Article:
Blog

May 13, 2019

How Cyanobacteria Could Help Save the Planet

Posted by in category: biological

It’s very easy to forget that complex life on Earth almost missed the boat entirely. As the Sun’s luminosity gradually increases, the oceans will boil away, and the planet will no longer be in the habitable zone for life as we know it. Okay, we likely have a billion years before this happens—by which point our species will probably have destroyed itself or moved away from Earth—but Earth itself is 4.5 billion years old or so, and eukaryotic life only started to diversify 800 million or so years ago, at the end of the “boring billion.”

In other words, life seems to have arisen around four billion years ago, shortly after Earth formed, but then a few billion years passed before anything complex evolved. Another few hundred million years of bacteria, algae, and microbes sliding around in the anoxic sludge of the boring billion, and intelligent life might never have evolved at all.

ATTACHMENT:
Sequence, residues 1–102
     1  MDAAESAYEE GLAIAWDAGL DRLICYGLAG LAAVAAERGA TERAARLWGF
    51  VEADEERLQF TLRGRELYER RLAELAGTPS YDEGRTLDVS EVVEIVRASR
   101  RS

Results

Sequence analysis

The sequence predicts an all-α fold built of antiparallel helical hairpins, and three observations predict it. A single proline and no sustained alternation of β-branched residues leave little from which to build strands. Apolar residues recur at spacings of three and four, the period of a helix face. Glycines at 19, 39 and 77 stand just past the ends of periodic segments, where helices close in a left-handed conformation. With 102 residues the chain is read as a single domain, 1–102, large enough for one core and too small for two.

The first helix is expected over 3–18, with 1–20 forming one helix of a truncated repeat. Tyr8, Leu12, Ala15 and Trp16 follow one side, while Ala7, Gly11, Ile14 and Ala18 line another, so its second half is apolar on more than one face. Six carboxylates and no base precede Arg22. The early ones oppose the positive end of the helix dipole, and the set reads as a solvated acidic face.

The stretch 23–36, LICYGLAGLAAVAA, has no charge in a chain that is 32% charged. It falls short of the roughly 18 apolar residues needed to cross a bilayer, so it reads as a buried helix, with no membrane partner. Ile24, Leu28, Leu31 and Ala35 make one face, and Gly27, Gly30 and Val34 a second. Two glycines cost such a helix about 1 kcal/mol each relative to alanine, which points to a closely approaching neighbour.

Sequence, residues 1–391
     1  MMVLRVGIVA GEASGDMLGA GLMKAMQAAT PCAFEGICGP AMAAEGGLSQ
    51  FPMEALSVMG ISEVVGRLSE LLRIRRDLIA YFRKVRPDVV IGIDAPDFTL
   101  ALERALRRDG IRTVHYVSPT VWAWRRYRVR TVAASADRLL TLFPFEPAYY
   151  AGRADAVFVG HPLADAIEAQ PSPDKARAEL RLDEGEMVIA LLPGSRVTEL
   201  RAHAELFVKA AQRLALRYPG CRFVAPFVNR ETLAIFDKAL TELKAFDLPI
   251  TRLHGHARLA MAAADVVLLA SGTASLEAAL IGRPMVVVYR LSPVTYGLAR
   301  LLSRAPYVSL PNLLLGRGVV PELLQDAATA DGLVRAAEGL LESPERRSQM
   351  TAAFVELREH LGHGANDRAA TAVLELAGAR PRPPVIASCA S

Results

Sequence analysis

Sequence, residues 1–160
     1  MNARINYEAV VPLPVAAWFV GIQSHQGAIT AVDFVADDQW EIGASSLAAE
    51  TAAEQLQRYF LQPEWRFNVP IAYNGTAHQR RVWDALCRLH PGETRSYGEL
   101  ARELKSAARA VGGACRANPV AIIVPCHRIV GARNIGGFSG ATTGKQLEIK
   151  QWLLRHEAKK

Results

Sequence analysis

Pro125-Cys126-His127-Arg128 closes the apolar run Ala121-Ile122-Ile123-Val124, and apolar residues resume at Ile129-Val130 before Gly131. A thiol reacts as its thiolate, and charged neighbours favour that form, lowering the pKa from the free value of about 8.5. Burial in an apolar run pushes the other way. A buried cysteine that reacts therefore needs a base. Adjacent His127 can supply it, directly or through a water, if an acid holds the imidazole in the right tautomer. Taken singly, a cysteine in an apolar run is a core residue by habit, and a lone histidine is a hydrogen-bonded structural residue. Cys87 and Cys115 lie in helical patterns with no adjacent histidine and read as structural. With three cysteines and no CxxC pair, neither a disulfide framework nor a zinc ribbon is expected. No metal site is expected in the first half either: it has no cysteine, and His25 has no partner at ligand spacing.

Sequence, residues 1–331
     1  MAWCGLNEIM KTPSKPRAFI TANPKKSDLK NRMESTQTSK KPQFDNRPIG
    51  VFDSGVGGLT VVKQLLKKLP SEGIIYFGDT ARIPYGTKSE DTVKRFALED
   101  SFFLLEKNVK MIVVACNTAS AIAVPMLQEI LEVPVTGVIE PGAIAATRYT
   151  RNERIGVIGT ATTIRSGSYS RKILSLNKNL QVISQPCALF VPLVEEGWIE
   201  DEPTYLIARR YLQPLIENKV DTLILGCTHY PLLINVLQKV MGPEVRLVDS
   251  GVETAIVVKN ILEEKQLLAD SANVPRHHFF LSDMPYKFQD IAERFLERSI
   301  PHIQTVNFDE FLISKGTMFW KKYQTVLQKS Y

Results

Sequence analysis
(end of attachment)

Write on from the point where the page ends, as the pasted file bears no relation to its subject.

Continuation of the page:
Unraveling the geologic mysteries of the boring billion, and why it ended when it did, is a complex scientific question. Different parts of the earth system, including plate tectonics, the atmosphere, and the biosphere of simple lichens and cyanobacteria interacted to eventually produce the conditions for life to diversify, flourish, and grow more complex. But it is generally accepted that simple cyanobacteria (single-celled organisms that can produce oxygen through photosynthesis) were key players in providing Earth’s atmosphere and oceans with oxygen, which then allowed complex life to flourish.

Read more

Leave a reply